Most volunteer railways seem to be run by retired railwaymen or people from technical backgrounds, male dominated careers.

    If young women saw themselves as equally desirable and capable of doing such roles we would see much closer gender ratios.

  • David wilkinson 21st Jul '17 - 7:54am

    Don’t confuse heritage railways with the day to day railways

    There are large numbers of females in the day job as station staff, guards, revenue and back offices and do a great job

    The driver positions are open to anyone to apply for and it is possible that more could be done to encourage females to apply from within the rail industry and outside.

    It is not an easy job sat at the front of a train on your own and the responsibility that goes with it

  • Andrew T
    So you don’t think the discrimination you believe exists is caused in a way that can be quantifiably assessed so perhaps we need to walk through the logic of your model instead.
    “the way our society teaches gender stereotypes to people from a young age so that women don’t choose career paths due to these stereotypes.”
    How, what is the mechanism for this teaching? Given the railways are not a big employer and is skewed in terms of geography do we actually spend any time teaching children about railway careers? I suspect not this not the age of Victorian railway building or the pre-beaching era of very manual processes across a sprawling network of capillary railways.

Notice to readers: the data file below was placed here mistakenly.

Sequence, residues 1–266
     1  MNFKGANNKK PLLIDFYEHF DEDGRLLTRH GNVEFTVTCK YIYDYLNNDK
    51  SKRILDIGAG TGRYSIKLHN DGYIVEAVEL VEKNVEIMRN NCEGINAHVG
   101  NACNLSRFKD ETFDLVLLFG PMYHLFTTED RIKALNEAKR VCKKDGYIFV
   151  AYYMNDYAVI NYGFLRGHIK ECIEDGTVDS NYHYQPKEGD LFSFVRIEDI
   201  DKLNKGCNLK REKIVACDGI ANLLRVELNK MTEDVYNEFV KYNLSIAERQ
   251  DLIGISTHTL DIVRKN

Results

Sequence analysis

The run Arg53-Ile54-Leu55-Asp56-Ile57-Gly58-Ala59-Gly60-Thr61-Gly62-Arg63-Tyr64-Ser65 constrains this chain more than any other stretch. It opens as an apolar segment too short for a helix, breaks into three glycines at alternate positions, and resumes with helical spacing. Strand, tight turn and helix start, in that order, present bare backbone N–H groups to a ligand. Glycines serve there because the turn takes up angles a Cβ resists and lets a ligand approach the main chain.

“Most volunteer railways seem to be run by retired railwaymen”
    As David Wilkinson points out the Rail network employs lots of women, in ticket offices, manning platforms, station managers (all of the station managers I have had reason to speak to in recent years have been women).
    So why the disparity in those who on retirement choose to spend their free time surrounded by the job they have done for up to 50 years? Why aren’t more of the women? Perhaps there is something about a small subset of males that make them unusually motivated by trains.
    Given this tendency of a subset of males to be really really motivated by trains, perhaps that would indicate a greater number who would actively seek out roles that would lead them in to the field and would seek the opportunities to get more involved. Who knows? I doubt anyone has checked.
    “If young women saw themselves as equally desirable and capable of doing such roles we would see much closer gender ratios”
    The most visible faces to the public appear to me to be women. How many children climb up and peer in to the drivers cab when a train pulls in (none I hope). So how would the little girls get the impression that it is a gendered industry? Why would they not see themselves as not capable or desirable?
    Or perhaps there is something about a job of sitting on your own in a cab for hours a day and when something goes wrong you can be stranded miles from home and have a pain getting back. In the same way long distance lorry drivers have a gender imbalance.
    I wouldn’t have a clue but there are many possible explanations for an imbalance, you need more than your assumptions to say what is the cause.

  • All my spacing disappeared in that post, sorry for the solid block of text.